By Dan Donovan

The September 15, 2015 Standing on Shoulders event hosted by our chapter’s Expert Designers was the latest installment in the ongoing series examining the lives and careers of historic graphic designers.

Guest lecturer/author Jan Conradi’s presentation was a personal reflection on the lives and work of Massimo and Lella Vignelli. Jan interviewed Massimo in the 1980s while she was still a student at Iowa State University, and kept in contact with Massimo and Lella until his death in 2014. Her insights into the working relationship between the two and their staff are the basis for her recent book, “Lella and Massimo Vignelli: Two Lives, One Vision.” Jan is Professor of Graphic Design at Rowan University in Glassboro, New Jersey.

“Modernism was never a style, it was an attitude.”
The Vignellis lived the Modernist ideal that people can create, improve, and reshape their environment through the “resourceful use of space and materials, clear communication, lasting quality, and logical functionality.” In their work, this meant using a minimal aesthetic, design systems (grids), and a narrow range of typefaces* to create sophisticated systems that are filled with color, variation, and invention. This resulted in bright, approachable design for clients such as Knoll Furniture, Alcoa, American Airlines, Bloomingdales, and the New York Metropolitan Transportation Authority.

*Massimo was a man with strong opinions. He wrote that, “In the new computer age, the proliferation of typefaces and type manipulations represents a new level of visual pollution threatening our culture. Out of thousands of typefaces, all we need are a few basic ones, and trash the rest.”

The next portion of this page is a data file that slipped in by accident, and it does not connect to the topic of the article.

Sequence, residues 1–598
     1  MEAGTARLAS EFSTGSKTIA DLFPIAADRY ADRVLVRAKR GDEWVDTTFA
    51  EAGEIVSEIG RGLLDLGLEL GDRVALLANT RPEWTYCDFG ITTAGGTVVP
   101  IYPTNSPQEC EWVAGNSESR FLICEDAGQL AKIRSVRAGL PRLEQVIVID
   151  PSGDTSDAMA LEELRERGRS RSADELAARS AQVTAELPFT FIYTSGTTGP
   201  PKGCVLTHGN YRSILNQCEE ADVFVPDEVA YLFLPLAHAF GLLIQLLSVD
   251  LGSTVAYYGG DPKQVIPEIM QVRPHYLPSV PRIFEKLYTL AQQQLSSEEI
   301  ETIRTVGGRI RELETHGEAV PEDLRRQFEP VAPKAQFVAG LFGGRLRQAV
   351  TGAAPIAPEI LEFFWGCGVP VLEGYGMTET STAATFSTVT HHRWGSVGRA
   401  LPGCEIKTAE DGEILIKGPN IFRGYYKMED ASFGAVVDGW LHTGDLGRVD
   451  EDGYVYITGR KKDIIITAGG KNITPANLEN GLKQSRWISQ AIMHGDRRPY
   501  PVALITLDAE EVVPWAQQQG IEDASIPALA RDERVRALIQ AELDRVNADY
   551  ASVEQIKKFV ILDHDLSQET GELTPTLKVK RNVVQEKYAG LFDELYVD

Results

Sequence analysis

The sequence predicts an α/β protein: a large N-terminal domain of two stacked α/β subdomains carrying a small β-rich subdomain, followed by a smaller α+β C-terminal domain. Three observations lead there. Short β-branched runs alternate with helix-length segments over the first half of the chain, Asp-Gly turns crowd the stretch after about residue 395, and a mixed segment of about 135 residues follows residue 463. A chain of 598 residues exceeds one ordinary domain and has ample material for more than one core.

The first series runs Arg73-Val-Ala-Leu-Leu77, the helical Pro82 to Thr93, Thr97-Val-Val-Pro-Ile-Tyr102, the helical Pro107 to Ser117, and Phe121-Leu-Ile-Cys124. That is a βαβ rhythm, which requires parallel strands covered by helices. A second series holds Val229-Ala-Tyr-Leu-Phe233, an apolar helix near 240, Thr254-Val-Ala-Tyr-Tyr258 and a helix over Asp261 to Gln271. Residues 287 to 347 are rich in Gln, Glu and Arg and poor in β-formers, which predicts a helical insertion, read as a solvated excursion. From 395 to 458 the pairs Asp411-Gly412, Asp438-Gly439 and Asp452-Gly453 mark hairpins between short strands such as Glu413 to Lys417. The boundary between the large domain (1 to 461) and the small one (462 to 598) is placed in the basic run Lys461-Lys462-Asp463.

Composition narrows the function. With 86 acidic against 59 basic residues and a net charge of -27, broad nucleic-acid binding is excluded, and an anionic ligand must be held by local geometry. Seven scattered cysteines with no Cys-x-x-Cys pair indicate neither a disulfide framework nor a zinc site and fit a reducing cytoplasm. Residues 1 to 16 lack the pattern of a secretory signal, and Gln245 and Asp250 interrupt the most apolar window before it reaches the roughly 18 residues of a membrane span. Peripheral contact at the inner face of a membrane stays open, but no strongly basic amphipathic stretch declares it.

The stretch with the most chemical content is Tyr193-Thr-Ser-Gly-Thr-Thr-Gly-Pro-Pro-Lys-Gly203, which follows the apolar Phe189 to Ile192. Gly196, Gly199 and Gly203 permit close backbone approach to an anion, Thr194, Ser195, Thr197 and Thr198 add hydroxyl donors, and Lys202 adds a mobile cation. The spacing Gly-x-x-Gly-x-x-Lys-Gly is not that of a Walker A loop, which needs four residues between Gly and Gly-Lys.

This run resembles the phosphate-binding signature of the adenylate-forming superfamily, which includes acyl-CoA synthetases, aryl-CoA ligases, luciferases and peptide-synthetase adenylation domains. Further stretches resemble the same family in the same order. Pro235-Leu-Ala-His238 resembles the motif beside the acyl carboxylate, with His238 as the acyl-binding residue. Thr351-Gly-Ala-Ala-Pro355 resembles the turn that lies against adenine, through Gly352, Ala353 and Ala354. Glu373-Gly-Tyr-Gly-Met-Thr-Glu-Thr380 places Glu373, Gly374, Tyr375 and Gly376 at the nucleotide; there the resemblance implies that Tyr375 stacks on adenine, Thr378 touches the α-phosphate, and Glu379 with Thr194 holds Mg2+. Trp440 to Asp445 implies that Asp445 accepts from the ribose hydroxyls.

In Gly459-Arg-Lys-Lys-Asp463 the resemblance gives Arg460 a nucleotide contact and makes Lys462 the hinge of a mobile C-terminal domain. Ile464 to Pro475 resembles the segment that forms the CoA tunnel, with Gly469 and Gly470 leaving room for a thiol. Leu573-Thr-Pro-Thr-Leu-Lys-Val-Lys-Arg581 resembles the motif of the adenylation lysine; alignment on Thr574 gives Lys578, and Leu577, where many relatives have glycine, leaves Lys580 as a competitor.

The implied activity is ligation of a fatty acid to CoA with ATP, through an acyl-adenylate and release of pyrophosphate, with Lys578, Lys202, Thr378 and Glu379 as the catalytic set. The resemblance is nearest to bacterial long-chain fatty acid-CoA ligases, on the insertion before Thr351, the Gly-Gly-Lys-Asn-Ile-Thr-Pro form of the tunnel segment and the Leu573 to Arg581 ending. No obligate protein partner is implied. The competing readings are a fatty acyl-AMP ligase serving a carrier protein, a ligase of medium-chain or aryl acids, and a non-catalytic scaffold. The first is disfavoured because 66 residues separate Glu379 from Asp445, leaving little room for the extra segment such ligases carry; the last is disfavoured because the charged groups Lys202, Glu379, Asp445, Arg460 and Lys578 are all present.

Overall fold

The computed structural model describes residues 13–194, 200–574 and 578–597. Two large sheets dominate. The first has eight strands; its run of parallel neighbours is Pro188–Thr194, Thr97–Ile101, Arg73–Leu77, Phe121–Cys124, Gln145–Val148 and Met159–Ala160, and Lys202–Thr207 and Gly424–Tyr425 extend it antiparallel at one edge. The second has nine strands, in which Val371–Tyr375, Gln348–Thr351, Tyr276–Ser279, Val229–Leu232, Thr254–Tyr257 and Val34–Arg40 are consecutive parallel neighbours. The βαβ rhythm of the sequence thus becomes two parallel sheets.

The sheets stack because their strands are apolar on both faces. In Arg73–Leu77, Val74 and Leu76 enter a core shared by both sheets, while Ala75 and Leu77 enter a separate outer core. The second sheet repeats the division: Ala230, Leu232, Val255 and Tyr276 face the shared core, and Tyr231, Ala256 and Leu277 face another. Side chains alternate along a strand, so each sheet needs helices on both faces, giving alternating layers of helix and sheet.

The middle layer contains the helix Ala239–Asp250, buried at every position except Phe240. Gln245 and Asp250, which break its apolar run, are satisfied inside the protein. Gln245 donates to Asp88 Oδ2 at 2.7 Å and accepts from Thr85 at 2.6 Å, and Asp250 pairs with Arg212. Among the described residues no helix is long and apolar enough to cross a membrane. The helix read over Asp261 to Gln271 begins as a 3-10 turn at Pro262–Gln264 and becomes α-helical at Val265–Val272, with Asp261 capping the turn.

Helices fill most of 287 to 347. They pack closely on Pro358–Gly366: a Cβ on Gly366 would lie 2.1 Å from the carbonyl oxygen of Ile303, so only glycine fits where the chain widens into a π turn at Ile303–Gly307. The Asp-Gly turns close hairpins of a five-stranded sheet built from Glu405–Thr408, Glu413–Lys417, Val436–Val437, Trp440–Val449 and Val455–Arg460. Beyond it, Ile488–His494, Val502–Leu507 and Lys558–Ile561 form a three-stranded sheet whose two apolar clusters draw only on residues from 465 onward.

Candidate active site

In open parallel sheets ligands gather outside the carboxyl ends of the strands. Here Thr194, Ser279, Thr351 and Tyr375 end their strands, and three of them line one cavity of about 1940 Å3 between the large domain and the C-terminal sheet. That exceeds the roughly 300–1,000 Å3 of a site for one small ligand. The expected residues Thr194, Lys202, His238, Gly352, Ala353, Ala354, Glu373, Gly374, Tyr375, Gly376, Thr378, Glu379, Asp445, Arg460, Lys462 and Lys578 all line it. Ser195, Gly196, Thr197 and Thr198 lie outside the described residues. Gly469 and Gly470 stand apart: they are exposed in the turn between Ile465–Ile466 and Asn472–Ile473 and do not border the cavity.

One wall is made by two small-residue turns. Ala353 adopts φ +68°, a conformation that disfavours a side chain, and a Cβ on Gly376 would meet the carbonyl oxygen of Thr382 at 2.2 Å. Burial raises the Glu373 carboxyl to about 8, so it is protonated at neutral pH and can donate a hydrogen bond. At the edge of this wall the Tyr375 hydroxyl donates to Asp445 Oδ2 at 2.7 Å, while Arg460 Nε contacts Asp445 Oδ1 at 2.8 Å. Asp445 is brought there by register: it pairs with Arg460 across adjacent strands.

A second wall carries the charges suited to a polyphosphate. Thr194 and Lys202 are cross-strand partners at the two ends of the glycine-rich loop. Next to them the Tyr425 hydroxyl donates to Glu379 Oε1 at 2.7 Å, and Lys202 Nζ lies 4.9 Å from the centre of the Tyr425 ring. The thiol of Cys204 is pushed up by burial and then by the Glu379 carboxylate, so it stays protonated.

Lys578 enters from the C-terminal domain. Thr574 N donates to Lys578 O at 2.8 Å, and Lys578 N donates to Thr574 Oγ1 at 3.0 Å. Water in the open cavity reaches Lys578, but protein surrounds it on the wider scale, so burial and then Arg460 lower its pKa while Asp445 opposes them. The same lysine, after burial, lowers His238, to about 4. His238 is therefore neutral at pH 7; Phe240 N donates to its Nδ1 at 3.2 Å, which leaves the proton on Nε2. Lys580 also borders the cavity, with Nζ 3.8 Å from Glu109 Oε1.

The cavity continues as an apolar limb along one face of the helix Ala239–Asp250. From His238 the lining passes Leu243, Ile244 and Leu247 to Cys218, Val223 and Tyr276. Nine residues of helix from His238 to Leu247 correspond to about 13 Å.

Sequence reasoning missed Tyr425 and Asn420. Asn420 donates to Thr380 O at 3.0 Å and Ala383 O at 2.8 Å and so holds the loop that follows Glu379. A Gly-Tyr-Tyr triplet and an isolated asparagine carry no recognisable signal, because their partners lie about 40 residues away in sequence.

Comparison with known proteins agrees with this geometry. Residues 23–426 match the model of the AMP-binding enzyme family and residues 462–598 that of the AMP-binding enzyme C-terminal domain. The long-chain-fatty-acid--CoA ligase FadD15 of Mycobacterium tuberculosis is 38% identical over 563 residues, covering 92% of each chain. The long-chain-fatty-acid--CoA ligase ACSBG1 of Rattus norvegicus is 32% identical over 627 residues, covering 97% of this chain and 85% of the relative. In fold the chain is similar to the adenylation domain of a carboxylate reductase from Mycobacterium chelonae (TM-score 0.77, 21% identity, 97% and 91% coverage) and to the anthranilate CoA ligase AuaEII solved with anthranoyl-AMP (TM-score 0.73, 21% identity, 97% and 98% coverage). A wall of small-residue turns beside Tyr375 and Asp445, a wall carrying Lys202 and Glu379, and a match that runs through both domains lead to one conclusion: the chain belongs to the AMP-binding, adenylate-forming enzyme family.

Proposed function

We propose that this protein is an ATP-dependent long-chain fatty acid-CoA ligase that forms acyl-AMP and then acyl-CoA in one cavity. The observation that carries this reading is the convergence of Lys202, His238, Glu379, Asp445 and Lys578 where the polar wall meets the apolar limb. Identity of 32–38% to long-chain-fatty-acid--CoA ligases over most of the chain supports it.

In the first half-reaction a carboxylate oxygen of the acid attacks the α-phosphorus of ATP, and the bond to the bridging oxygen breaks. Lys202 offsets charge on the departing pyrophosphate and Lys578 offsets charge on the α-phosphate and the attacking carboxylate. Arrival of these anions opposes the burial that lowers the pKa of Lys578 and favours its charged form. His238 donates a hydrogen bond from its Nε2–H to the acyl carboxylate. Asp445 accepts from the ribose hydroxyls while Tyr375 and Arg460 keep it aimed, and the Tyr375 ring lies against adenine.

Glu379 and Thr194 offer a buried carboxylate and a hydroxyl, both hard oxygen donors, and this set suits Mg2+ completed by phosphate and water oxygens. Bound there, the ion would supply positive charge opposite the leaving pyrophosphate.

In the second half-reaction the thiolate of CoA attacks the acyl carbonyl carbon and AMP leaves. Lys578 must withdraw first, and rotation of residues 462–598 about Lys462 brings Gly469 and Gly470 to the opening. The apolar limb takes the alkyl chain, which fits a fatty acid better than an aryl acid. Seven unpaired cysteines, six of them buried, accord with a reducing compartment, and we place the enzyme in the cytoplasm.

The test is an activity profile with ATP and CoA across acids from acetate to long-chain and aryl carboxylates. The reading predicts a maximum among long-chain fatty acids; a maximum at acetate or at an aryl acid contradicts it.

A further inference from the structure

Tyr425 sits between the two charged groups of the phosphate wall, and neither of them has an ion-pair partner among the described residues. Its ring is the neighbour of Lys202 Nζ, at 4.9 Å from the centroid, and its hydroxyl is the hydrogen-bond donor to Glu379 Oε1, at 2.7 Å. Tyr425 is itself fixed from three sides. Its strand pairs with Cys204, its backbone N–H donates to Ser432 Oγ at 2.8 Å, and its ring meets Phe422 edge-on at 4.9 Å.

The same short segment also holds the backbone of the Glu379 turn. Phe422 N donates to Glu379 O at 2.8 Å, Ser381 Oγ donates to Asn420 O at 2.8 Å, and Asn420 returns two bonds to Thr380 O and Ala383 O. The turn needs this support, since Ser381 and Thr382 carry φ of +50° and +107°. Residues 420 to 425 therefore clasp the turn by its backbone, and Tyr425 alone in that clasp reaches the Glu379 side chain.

“Design is not decoration; design solves problems.”
The Vignellis introduced design concepts to corporate and government clients that were revolutionary and often met with resistance. For Alcoa, they designed a structured format for their advertising that helped establish a common branding platform. At first, the agency art directors resisted the format, but accepted it when they saw how flexible and visually brilliant it was. The design staff at the National Parks Service also resisted the Unigrid format that was designed in 1977 to unify communications materials across a wide variety of formats. Once they began using it, they found that it not only yielded great designs, it also improved production efficiency. You can still see the Vignelli design today in the maps for many National Parks.

The design of the 1972 New York City Subway map was also a ground-breaking piece of infographics that has influenced graphic designers to the present day. It was an early example of how to condense complex information into an understandable format. (I shared examples of two of the original subway maps during Jan’s presentation.)

“We like design to be visually powerful, intellectually elegant, and above all timeless.”
For all of their cool rationality, Massimo and Lella Vignelli radiated a sense of warmth and good humor. Jan’s experiences in their home in New York, surrounded by their own home furnishings designs, were revealing in their intimacy. Jan’s presentation was thoughtful and engaging and showed us a unique viewpoint into the personal and professional lives of two influential graphic designers.

Vignelli book discount
Jan has arranged for a discounted price for her book,“Lella and Massimo Vignelli: Two Lives, One Vision,” through RIT Press. If you are interested, go to the RIT website and enter “AIGA2015” as the discount code with your order to receive 20% off the price (which is better than Amazon).

We want to thank Carmichael Lynch for opening their offices for our event, and the Expert Designers committee members who produced the event.

Photos by Jay Larson (to come)

 

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Jhoselin Dominguez
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